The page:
Category Archives: Fourth Ward

Original DePelchin Faith Home Building (1913)

As an organization, the DePelchin Faith Home (now the DePelchin Children’s Center) dates back even further than 1913. Houstonian Kezia Payne DePelchin was born in 1828, in the Madeira Islands. She lost both her mother and father by the time she was eight, and was raised from that age, in Houston, by her father’s second wife, an English governess. She married during the Civil War, but the marriage failed. Immune to yellow fever, she spent many years as a nurse. She later became the first female matron at the Bayland Orphans’ Home for Boys.

DePelchin founded the “Faith Home” in 1892. While the home’s original purpose seems to have been to fund the care of two homeless children (elsewhere described as “three unwanted babies”), the home was organized to provide day care for the children of working mothers, charging only those mothers who could afford to pay.

DePelchin’s September 1892 report of donations to the “Faith Home” notes: “We have eight besides the matron, although they come and go. Per week, 75 cents; per day, 10 cents. None turned away. . . . This is for little children.” The report also mentions that “one of our little ones died and the cemetery company gave it a resting place.”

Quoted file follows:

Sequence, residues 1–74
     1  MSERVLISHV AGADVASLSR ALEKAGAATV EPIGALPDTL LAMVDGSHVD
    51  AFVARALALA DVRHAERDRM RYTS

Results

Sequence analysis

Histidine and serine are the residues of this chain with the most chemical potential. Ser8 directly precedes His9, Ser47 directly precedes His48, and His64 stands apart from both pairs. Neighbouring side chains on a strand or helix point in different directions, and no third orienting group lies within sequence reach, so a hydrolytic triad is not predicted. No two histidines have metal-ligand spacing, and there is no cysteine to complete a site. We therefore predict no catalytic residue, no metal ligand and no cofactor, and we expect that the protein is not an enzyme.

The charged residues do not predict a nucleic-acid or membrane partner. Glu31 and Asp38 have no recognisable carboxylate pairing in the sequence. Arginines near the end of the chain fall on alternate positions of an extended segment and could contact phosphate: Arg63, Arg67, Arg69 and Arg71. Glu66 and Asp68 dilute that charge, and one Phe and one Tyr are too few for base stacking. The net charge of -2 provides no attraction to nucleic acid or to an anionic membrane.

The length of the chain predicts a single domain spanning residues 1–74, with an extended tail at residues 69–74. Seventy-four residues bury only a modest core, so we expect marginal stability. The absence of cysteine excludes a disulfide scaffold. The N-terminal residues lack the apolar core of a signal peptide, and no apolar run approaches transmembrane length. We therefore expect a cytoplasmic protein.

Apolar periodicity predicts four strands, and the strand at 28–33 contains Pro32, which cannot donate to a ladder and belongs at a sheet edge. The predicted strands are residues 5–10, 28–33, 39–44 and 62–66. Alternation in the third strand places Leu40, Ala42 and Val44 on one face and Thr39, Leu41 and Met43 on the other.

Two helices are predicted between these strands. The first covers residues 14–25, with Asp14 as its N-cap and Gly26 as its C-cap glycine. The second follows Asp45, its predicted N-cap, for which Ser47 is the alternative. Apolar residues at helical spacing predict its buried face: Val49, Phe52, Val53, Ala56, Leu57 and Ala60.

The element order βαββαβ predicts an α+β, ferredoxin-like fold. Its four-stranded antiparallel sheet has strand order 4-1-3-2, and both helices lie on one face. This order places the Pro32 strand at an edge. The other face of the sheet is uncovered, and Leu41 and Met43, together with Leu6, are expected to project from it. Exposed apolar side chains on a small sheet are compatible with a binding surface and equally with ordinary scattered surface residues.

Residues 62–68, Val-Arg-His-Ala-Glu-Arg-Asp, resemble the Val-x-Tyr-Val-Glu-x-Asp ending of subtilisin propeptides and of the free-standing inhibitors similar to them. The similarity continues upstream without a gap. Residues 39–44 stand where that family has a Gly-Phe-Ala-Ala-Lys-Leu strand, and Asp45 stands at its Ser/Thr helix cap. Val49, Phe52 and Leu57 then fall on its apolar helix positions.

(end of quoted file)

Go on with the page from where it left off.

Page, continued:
DePelchin herself died just a few months later, in January 1893. In that same month, in honor of her memory and to carry on her work, 100 Houston women organized the “DePelchin Faith Home”, which continued operating primarily as an orphanage.

In 1913, Jesse Jones commissioned a building for the orphanage at 2700 Albany, in the Fourth Ward. Jones also led the fundraising for the project, raising $55,000. The neo-Mediterranean-style three-story stucco building was designed by the St. Louis architecture firm Mauran & Russell, which also designed the Rice Hotel and the Hotel Galvez. The Greater Houston Preservation Alliance notes that “[i]ts broad eaves and sleeping porches were important features in the days before air conditioning when dozens of children lived here.”

Jones continued to raise money for the home after it was built. Copies of some of his fundraising letters, including letters to “Messrs. Neuhaus & Co.”, “Messrs. Sakowitz Bros.”, and Howard Hughes are posted on the DePelchin Children Center’s website. While all are very straightforward, one of the more humorous letters, to “Mr. Bassett Blakely”, reads: “You have not sent me your check for Faith Home. For all I know, you are responsible for some of these unfortunate children, and whether you are or not, you have got to kick in just the same. So come on across for $2,000. I asked you for $1,000 the first time, but you did not hear me.”